Archive for April, 2008

Seven things I liked about Terry Kennedy’s Deathwish part

April 30, 2008

TK keeps progressing, sort of, though if I were him I’d stop hyping the fact that he only started skating in 2000 or whatever it was, because each part he puts out running basically the same tricks it gets less impressive and more obvious. But what am I saying here, a Terry Kennedy video part isn’t about tricks, or even skating really. It’s about being young and carefree and well-off and making rap songs in your living room and designing fashionable bulletproof vests. But I’m on TK’s side really. At this point he’s at least as cartoonish as your Jim Grecos and Chad Muskas, but the difference to me is that he seems to take himself a lot less serious. Uh, most of the time.

Anyway, the highlights of Terry Kennedy’s Deathwish part:

1. The wacky and possibly intoxicatory smile on his face when he comes out the door in his tank top and short shorts at the beginning there. Ha ha ha! What is he doing anyway. Crazy guy.

2. His little monologue in the basement with the ping-pong lady in the background. I’ve watched it at least a half-dozen times and I’m still not sure what it is he’s saying toward the end there. It sounds intense though. Is he talking about Lupe? If he was going for the Smack DVD angle he should’ve had Gorecki and the rest of the Ice Cream crew wearing bandannas over their faces and flashing guns. But keep the ping pong lady. It makes you look unpredictable and a little insane.

3. He lets Sammy Baca sit on his couch without even putting that plastic shit on it. I thought that was nice of him.

4. Fakie 5-0 down the white hubba. This was a good trick.

5. His rap song. TK’s producer, or homie, or cousin, or whatever website he downloaded the instrumental from seems to be improving at a marginal rate, much like TK himself on a skateboard. Some of this recent Fly Society material sounds like it could maybe stand on its own near the end of a 30-track Slick Pulla mixtape, which is saying something. TK’s lyrics are pretty standard fare as far as having fancy things and affirming his eternal hatred for snitches but he sounds pretty convincing to me. I wonder if he thinks up lyrics while he’s sliding down handrails, like “it would be hot if when I get into this b/s overcrook, I sing ‘got your wifey on my dizzick.'” Multi-tasking…

6. That last bar he f/s railslides looked like something Rowley would have tackled before he got old and started skating ditches all the time. Tall and beastly.

7. Finally, the bro-down session after his last trick reminded me of “Fulfill the Dream”… in a good way.

P.S. what’s with all the unicycles in this video? Kind of amazing…

Baker’s new blood

April 29, 2008

where the fuck was this trick

Like his frontside flips in recent years, Andrew Reynolds’ talent scouting is kind of hit and miss. He got a homerun with Spanky and knocked it out of the park with Brian Herman, not to mention Antwuan Dixon. Szafranksi I’m kind of lukewarm on and Terry Kennedy is a whole nother conversation, but then you’ve got Knox Godoy, who still hasn’t lived down his prepubescent Baker2G antics, and Evan Hernandez, who managed to get a board before everybody figured out he was boring as fuck.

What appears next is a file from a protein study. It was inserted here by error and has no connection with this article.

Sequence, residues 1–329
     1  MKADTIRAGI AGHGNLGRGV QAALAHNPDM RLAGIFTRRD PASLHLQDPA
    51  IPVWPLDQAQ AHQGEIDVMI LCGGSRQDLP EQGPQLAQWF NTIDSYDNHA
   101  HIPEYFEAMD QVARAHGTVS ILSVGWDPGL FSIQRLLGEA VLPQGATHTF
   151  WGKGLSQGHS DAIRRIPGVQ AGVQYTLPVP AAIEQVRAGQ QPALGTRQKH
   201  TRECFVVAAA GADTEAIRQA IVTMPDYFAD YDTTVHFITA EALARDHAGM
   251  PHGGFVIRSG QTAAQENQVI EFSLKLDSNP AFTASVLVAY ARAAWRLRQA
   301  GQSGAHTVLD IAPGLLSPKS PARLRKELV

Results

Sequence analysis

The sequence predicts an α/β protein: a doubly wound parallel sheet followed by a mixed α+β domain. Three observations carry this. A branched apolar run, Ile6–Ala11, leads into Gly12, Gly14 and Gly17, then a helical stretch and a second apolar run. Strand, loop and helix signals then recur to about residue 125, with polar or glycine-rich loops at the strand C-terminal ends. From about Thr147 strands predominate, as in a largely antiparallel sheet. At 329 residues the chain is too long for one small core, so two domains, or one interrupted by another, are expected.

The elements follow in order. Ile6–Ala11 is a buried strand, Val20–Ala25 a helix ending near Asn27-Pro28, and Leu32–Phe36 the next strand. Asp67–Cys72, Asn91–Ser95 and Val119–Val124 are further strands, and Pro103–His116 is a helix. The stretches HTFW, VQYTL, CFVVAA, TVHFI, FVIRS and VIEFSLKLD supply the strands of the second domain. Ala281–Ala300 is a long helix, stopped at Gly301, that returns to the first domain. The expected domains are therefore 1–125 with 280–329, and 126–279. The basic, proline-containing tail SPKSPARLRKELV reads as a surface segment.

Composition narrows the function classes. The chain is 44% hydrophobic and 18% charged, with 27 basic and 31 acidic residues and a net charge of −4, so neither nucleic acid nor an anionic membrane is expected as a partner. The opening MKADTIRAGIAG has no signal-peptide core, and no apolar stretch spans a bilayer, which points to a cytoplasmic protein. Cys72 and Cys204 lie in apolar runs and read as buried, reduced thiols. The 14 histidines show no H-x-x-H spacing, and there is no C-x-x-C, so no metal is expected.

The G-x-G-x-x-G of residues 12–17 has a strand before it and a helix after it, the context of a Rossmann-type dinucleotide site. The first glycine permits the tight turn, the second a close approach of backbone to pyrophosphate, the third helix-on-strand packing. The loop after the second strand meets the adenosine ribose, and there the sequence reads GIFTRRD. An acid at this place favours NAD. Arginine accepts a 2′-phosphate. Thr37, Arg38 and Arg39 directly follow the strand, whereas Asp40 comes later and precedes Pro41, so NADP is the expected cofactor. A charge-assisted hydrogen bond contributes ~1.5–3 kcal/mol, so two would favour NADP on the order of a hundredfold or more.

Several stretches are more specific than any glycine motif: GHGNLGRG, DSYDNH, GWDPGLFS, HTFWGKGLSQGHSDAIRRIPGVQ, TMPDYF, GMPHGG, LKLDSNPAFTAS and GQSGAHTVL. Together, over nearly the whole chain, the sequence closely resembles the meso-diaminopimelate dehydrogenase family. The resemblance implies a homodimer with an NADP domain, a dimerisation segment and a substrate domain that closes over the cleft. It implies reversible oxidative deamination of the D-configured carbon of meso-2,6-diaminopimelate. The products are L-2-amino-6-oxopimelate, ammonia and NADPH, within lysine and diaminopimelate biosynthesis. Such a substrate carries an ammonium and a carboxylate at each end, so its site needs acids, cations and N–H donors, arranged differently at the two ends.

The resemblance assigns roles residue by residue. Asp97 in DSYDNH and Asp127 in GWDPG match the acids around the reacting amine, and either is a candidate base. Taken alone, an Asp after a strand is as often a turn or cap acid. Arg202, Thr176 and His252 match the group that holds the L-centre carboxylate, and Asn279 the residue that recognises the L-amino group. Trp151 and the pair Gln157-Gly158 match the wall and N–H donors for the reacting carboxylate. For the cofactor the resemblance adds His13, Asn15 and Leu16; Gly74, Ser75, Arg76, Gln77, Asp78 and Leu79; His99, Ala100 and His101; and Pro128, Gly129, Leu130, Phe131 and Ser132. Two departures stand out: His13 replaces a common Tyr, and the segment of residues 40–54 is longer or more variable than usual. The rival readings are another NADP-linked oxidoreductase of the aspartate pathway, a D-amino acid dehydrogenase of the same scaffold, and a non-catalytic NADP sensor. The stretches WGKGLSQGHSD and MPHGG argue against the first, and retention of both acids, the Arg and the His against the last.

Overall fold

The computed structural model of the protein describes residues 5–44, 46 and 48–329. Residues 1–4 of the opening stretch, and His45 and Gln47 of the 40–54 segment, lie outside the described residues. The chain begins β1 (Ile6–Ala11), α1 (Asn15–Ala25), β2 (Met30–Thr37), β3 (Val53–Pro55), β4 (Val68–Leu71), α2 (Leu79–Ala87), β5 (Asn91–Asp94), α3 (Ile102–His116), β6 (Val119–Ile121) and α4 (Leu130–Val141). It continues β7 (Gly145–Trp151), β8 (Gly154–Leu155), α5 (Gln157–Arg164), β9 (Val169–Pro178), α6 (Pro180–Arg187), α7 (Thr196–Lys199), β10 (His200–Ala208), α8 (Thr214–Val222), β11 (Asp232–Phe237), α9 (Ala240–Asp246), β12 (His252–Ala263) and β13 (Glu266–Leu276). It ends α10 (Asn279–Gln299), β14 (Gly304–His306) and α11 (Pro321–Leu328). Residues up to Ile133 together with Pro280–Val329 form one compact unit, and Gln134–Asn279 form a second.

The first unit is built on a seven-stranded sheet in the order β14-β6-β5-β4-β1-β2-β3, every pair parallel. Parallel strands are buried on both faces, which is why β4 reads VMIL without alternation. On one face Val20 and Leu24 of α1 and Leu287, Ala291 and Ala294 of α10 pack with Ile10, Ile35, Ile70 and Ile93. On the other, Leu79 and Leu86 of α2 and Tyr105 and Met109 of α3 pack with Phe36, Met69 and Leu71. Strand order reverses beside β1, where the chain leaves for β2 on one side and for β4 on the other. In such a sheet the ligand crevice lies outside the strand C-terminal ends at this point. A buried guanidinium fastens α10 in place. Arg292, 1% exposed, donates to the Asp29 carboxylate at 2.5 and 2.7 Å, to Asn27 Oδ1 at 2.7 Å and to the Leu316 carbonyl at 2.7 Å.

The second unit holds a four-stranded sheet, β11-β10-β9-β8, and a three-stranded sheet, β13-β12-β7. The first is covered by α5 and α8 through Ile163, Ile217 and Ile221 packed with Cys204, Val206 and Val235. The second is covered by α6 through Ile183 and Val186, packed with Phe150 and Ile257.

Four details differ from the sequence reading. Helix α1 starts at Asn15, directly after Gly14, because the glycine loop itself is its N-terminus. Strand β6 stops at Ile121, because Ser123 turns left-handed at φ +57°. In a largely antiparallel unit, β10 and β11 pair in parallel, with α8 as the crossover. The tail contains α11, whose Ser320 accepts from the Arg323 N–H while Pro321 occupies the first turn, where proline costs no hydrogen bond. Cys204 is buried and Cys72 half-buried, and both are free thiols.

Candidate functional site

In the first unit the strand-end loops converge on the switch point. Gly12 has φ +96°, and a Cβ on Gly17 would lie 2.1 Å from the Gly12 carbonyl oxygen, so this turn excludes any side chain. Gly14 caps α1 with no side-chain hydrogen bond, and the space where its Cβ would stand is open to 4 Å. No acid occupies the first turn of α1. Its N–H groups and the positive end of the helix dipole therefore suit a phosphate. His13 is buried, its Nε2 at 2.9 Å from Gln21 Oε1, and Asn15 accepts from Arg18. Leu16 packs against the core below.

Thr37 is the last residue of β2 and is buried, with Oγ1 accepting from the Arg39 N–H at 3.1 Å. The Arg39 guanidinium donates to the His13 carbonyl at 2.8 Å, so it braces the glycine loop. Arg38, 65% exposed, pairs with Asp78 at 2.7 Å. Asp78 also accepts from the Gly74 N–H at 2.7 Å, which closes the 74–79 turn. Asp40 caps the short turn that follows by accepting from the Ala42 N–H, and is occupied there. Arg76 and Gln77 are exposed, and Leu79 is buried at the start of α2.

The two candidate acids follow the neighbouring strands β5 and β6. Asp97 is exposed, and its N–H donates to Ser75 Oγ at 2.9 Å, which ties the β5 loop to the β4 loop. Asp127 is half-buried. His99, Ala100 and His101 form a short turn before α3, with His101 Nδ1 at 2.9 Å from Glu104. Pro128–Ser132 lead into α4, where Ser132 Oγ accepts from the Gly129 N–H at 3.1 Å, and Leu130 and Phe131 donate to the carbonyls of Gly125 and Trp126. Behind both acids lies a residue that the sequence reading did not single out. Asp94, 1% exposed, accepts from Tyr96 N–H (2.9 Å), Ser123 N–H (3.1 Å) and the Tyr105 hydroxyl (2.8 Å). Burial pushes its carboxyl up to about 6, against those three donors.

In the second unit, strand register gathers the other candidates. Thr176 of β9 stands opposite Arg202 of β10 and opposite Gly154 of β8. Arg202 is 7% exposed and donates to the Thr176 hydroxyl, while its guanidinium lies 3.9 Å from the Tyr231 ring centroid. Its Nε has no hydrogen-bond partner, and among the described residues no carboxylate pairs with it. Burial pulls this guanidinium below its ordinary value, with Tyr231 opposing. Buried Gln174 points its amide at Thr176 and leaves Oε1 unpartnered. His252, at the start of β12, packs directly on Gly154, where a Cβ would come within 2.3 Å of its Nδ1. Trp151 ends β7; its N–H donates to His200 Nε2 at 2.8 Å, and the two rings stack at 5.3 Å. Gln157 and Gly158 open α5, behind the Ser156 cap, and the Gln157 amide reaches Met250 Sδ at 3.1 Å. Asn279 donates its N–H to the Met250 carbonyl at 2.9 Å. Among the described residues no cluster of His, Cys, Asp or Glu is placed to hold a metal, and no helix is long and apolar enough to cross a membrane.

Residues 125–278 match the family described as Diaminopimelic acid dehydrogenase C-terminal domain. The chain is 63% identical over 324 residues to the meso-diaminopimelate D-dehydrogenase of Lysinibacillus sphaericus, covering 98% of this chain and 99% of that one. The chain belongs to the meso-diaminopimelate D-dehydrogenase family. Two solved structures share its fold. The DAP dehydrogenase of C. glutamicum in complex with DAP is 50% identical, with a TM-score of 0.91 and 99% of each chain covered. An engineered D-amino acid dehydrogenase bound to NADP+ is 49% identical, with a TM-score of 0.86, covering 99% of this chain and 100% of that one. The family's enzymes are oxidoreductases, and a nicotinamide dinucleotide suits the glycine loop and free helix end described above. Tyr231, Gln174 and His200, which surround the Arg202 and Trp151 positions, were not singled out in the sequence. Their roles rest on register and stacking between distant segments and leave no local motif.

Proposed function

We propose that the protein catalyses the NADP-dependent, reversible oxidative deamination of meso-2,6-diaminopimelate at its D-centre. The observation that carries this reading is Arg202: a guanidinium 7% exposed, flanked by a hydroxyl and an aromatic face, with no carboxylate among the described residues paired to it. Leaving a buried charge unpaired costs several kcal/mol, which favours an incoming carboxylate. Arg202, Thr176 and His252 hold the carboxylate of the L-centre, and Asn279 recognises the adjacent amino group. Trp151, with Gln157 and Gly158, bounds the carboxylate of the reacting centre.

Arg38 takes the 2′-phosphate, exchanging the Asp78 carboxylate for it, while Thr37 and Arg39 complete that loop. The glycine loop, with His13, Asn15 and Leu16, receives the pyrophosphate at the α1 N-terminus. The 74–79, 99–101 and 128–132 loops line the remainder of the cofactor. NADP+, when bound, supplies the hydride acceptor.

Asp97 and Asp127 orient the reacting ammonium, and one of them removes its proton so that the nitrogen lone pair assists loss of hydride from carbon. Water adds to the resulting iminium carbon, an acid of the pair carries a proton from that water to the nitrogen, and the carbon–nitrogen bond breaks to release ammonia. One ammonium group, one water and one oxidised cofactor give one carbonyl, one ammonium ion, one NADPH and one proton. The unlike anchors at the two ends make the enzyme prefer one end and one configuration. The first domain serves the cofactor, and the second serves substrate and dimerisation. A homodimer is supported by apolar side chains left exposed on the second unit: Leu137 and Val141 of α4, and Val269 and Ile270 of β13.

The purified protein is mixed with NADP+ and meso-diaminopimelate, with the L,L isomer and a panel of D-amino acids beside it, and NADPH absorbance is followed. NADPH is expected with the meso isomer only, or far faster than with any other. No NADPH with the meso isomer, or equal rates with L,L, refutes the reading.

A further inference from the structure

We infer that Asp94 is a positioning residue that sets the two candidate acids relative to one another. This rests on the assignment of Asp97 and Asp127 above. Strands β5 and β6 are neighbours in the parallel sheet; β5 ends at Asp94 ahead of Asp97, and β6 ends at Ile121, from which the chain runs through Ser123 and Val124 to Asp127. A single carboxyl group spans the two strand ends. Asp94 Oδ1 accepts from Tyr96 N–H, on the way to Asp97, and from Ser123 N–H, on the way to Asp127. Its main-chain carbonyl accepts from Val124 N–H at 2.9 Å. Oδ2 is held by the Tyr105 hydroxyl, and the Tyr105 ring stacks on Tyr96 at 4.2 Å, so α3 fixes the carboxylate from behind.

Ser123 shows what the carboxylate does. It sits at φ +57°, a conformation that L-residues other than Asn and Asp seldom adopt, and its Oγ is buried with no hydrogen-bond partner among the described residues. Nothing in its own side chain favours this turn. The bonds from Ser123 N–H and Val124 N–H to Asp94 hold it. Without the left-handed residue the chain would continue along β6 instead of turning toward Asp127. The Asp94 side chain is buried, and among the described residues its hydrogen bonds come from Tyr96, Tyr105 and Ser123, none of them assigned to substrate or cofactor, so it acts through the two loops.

Anyway in honor of the Baker/Deathwish video hitting the internet today I’m gonna do Deathwish week, unless another Andy Roy interview comes out or something. While we’re on the subject, how long will it be before Jackass World updates us on the Snuggle Bandit’s latest adventures? I’m sure it’s already in the works.

Anyway, there were a handful of newer kids in this video, so to officially welcome them to the skateboard industry let’s go ahead and judge them, shall we…

Theotis Beasley: He’s not much bigger than he was in Baker 3 but he’s looking better on his board and has a new batch of manual tricks–the fakie b/s heelflip manual down the bank has the boss arm style. The heelflip bigspin was a crusher and if he’s smart enough to be riding with Cam at 15 or whatever he’ll do fine, good shit. Where’s Rammy Issa?

Sammy Baca: Best intro in the whole video for sure, the lass in the white t-shirt looks about to wrench her friend’s arm off trying to escape, but you can’t really blame her. Having Baca’s arm snake around your neck is probably on the list of things you should get a tetanus shot for, or maybe consult with your priest. Reynolds is a known fan of UK skating and Baca looks/skates a little bit like Zarosh in the new Death video, with more of a street angle on shit. What he lacks in technical acumen he makes up for in enthusiasm, or stupidity, depending on how you look at things. The jump into the bank is nutty.

Brian Hansen: I’m not sure if he counts as new since he had a part in a Vox promo a few months back and probably elsewhere long before that, but I want to commend him for (I hope) finally dropping the “Slash” nickname. Not that many tricks but I was surprised how smooth of a skater he’s becoming, especially with his flip tricks. The b/s 180 nosegrind revert on Hubba was sick.

Furby: Cursed to resemble Chris Cole back in his World days. I’ve never been real impressed with Furby’s shit in the past but the nollie b/s tail to fakie at Wilshire was hot. Follow Brian Hansen, suck it up and go by your real and probably boring/hard-to-pronounce name. Or start beefing with Figgy.

Pat Pasquel: He can switch bluntslide rails (back to switch) and switch backside flip up 5 stairs but he can’t get his last name in the video? Bummer. At last he can make interesting sounds, which could land him a job as a stand-in for Sgt. Larvell Jones when they get around to remaking the Police Academy movies. Bomb of a switch heelflip over the rail.

Gee thing